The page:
Earlier this week, a three day workshop took place as part of the ‘Languages of Southern New Guinea’ project. The project aims to produce descriptive material on a number of languages on both sides of the border, including: Nen, Kmntso, Nama, Thuntai, Idi, Marori and Kanum – to improve our knowledge of a part of the island which could be described as linguistically unchartered.
A number of linguistic issues were tackled during the workshop. Nick Evans presented on ‘The morphological imperative: Bossing around in Nen’ as well as on ‘Reduplication in plant and bird names’. Wayan Arka talked about ‘Nominal Tense-Aspect in Marori’. Kyla Quinn, who is starting her Honours, had ‘A first look at verbal morphology in Warta Thuntai’. Julia Miller presented on ‘Sociophonetics and multilingualism in Bimadbn and surrounding villages’. Chris Healey introduced ‘Southern New Guinea Ethnobiology’. Matthew Caroll gave his PhD confirmation talk on Kanum as well as providing a first look at his lexical database tool called the ‘Yamfinder’. Christian Döhler talked about the ‘Kmntso phonology and orthography’. Several project members could not attend the workshop, including Jeff Siegel and Philip Tama of the University of New England.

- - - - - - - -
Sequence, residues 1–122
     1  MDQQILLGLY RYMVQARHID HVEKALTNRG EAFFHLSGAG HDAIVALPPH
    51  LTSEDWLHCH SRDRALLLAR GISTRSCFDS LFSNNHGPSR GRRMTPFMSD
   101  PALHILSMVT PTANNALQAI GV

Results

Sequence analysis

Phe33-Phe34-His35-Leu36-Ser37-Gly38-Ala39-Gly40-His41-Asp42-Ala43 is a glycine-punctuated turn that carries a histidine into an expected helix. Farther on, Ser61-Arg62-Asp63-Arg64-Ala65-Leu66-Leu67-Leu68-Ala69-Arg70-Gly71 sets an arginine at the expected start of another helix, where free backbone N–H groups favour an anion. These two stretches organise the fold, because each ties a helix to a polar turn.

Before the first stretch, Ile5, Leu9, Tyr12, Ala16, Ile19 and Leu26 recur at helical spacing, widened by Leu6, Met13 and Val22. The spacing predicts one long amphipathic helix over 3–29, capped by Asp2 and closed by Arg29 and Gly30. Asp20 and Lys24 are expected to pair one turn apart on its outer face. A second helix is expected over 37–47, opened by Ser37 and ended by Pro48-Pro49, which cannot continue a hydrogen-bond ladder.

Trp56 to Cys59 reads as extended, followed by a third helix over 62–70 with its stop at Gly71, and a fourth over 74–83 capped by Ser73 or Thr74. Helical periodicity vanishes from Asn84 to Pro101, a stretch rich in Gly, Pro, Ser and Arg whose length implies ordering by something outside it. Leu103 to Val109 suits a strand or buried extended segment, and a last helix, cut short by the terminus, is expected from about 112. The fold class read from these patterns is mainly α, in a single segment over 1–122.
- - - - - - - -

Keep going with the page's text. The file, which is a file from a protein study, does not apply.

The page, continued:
In addition to the workshop talks, a number of logistic issues were discussed as part of fieldwork preparation for members in the SNG research group. A party of six researchers will travel later this month via Daru to the Morehead District of PNG. Nick Evans, Christian Döhler and Kyla Quinn will be based in their respective villages (Bimadbn, Rouku and Wando), while Chris Healey and Julia Miller will travel between these three villages in order to collect information on more specific topics. Julia works on socio-phonetics and Chris investigates local knowledge about birds. Kay Dancey, from the CAP’s Multimedia Services unit, will assist with creating maps for the team, including large-scale language maps of the whole area as well as fine-grained maps of individual villages.
Please visit our website for more information on the languages of Southern New Guinea.